Is it a good idea to wait until the floors are installed before installing the doors, or should the doors be installed first, or doesn’t it matter?. Personally, I think a nicer job can be done installing jambs after the hardwood is in with sanding done and 1 or 2 coats of finish on the floor. Do I do the door casements before or after I paint the walls? It also means you can get the fit better at the bottom of the door jambs, without needing to use a flush-cut saw to trim the jamb before you can fit a floorboard under it, or ending up with a gap between the jamb and the floorboards.
One thing that I’d really like to know is that after putting up drywall, ceiling, etc, what order do I do the door frame and flooring? Do I go ahead and put. We built our own house a couple of years ago, and we installed our hardwood and tile floors before installing the door frames and cabinets. Either a power jamb saw (rent) or an offset dovetail saw (buy) works fine. After the tile/lino is done, I install the baseboard – no shoe mold ever! I can make my door jambs and casing fit tight to any floor, whether it’s level and flat or not, resulting in a better fit. Base first, before hardwood flooring, is nuts. I have a new door to install to my bathroom and also need to do the tile. Question is, what is the greater pain – installing a door on top of tile + hardibacker (meaning, door jambs and such need to be cut BEFORE door will even fit in the space.
I love my doors, which were installed today, BUT, since the floors were installed first, I now have a gap or two where the new frame doesn’t cover the flooring. This has been discussed before and you will find logical arguments on both sides. The way I like to do it is hang doors first, cut Jambs, lay floor, install baseboard and then qtr round. Some doorways are parrallel to the wood, some at 90 deg others are at 45 degrees, what is the general opinion on this sorta thing, the house is behind scedule big time, should i take the time to fit the hardwood to the jamb or try to pick up the speed and get it done so the homeowner can have their new house before spring is in full bloom. In my opinion the flooring should go under the jamb and trim (not with the jamb and trim just being notched) but fully under cut. And humidy changes and can push a jamb out of its place if it’s installed in direct contact with the jamb. When floors are to go in after doors are hung (some builders insist on this), I find out the floor thickness and hang the doors up at finished floor height.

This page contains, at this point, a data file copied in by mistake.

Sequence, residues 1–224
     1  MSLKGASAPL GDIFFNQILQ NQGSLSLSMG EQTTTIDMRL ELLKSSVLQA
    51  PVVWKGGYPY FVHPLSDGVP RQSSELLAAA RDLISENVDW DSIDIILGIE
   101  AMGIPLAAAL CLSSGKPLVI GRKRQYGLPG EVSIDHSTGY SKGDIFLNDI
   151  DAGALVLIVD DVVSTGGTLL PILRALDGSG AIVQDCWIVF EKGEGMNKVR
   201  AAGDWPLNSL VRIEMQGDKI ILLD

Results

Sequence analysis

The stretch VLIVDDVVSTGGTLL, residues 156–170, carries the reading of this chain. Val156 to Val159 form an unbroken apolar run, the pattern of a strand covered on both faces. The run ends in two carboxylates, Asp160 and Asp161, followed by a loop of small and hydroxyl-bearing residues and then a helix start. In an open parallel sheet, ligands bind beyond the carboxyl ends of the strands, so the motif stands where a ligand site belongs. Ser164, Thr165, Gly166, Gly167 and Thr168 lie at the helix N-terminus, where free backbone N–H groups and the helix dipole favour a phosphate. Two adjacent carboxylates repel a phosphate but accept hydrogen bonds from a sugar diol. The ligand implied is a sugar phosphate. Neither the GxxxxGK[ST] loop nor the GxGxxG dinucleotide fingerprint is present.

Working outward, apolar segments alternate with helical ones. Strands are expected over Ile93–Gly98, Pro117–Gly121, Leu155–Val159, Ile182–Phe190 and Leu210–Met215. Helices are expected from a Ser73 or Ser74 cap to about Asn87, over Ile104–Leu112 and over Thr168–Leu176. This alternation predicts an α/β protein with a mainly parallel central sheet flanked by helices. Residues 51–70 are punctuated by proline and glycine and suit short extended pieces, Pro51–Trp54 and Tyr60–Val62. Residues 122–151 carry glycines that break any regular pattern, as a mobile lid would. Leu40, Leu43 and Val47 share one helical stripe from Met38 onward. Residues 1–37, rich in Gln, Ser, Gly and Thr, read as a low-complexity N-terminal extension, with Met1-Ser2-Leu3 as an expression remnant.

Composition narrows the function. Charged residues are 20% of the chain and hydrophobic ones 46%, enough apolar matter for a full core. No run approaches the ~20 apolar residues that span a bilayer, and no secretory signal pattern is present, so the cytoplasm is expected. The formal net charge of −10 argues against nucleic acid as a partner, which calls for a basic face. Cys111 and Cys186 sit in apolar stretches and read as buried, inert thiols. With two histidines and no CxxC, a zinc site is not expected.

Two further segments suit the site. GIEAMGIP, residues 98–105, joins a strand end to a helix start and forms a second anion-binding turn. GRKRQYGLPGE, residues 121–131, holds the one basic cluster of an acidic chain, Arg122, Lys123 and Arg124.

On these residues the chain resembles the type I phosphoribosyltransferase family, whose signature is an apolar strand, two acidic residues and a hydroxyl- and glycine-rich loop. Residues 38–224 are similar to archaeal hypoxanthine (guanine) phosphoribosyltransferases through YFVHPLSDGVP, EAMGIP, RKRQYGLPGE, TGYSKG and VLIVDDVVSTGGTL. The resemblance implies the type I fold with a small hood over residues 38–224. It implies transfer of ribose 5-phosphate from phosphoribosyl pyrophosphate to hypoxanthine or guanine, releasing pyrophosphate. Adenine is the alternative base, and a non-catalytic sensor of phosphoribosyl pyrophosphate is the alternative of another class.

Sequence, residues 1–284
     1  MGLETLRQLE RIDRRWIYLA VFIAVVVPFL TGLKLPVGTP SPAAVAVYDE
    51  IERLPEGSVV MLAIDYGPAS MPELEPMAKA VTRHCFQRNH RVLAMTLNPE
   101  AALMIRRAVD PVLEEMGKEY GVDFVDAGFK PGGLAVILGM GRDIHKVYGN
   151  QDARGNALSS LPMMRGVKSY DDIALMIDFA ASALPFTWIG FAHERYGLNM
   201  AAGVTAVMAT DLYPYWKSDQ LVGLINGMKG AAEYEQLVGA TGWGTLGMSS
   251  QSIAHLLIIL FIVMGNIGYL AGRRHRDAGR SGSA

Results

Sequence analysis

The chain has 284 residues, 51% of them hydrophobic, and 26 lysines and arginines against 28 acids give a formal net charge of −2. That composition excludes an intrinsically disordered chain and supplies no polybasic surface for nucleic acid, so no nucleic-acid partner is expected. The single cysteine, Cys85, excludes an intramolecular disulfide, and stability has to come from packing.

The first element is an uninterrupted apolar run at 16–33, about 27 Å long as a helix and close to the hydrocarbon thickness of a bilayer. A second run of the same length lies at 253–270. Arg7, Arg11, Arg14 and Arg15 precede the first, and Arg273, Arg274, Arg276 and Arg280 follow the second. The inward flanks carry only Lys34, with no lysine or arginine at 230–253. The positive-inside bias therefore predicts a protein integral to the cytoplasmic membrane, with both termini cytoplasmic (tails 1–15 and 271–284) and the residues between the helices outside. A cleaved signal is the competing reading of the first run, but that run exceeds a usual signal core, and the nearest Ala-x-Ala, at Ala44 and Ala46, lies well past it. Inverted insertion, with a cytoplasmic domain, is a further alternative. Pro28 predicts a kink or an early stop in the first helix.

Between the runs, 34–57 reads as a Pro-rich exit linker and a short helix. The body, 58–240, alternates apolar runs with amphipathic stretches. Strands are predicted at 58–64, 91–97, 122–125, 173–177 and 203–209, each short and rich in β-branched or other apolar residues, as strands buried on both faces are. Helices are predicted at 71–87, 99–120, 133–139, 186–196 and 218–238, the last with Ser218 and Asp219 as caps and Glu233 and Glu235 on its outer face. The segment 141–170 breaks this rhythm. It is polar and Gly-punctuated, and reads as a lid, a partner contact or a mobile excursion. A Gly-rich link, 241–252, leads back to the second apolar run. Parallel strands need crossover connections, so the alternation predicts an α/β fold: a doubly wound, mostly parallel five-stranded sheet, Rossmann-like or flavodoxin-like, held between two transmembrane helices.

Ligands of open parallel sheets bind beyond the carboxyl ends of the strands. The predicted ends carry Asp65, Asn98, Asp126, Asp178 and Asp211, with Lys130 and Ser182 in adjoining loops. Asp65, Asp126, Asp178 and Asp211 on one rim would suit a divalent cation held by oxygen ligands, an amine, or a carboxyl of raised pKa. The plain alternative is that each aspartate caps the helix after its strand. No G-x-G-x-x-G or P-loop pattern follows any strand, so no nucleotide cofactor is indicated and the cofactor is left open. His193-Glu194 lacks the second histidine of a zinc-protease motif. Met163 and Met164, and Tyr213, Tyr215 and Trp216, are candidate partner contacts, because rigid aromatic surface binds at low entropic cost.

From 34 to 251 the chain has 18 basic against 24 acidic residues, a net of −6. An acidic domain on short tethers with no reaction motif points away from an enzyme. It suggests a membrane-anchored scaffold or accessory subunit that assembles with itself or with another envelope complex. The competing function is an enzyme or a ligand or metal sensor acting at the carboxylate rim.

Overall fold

Door Frame First Or Flooring?
Prehung door installation requires the proper size door, the correct hand and shims. The goal is to have about one-half-inch of airspace between the bottom of the door and the top of the carpet or any finished flooring material. Before the door is installed, make sure the top and bottom of the door is painted. Use 10-penny finish nails to attach the hinge jamb of the door to the rough jamb. Should doors to mudroom be installed before or after porcelain tile floor? We will be tiling the floor of a mudroom with 4 square inch porcelain tiles. Undercutting jambs and casings just isn’t that big a deal to my thinking. How to Install a Prehung Door Tom Silva does a plumb job putting up a prehung door. My carpenters have been hard at work installing doors and casing. Cutting your own door jambs with a hand saw is the least expensive way. Laminate flooring being installed under the door jamb. After you do this, you may have to saw some pieces to make sure they all fit together. After that, it’s a simple job to set the frame in place, screw or nail it to the shims, and then shim the strike side. To avoid this problem, add a spacer under the door before you install it. Set the door frame in the opening with the jamb resting on the finished floor (Photo 2) or on a spacer.
Jamb Saws, How To Undercut door jambs. Before cutting the door jambs, make sure the floor surrounding the jamb is smooth. When using the small piece of laminate as a guide you want it to sit flat on the floor to get a nice level cut. After you make that cut use a chisel or screw driver to cut that part of the base board out. Lay the Door Down Attach the hinges to the jamb, then the door. Before and after anchoring the jamb at each point, close the door to check the gap.